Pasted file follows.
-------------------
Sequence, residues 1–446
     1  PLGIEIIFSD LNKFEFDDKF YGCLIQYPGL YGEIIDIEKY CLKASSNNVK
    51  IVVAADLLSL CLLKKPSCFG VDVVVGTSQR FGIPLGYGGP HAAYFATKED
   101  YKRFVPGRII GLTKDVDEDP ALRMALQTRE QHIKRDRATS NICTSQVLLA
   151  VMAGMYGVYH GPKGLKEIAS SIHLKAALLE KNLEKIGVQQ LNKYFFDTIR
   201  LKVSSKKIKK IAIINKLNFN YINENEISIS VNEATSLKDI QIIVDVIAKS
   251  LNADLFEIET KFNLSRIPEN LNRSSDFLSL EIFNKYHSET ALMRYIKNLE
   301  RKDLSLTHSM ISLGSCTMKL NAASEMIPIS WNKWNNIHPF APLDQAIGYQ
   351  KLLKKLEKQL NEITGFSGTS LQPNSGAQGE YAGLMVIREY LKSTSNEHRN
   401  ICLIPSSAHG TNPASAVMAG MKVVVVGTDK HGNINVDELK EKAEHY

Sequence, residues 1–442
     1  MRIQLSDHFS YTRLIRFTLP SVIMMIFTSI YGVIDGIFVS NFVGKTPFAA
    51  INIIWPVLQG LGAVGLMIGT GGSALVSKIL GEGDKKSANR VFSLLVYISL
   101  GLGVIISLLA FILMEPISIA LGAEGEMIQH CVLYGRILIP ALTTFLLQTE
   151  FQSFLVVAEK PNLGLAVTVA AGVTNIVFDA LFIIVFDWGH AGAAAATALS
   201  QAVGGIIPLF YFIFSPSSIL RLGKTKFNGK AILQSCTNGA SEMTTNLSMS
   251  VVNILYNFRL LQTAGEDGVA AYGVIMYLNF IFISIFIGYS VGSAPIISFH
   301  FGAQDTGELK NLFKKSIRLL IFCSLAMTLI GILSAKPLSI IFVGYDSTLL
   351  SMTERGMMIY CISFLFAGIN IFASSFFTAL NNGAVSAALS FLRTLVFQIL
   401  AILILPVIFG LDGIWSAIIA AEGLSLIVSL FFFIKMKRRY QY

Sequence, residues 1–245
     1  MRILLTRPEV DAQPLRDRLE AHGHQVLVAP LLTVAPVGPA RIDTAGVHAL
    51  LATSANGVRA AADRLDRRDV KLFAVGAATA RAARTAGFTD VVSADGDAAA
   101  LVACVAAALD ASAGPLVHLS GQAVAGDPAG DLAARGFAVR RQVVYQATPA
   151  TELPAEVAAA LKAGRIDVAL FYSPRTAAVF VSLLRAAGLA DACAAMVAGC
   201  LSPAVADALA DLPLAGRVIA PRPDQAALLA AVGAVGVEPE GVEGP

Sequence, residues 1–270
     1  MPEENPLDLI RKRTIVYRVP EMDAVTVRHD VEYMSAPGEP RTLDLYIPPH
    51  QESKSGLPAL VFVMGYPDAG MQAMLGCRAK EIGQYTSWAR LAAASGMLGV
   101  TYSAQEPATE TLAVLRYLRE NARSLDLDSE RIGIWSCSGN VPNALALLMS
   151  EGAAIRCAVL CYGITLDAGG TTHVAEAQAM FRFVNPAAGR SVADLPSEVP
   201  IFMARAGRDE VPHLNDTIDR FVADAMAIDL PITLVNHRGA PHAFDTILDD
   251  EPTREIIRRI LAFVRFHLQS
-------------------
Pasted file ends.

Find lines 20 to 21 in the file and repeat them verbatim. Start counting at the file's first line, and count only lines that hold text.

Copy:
   401  AILILPVIFG LDGIWSAIIA AEGLSLIVSL FFFIKMKRRY QY

Sequence, residues 1–245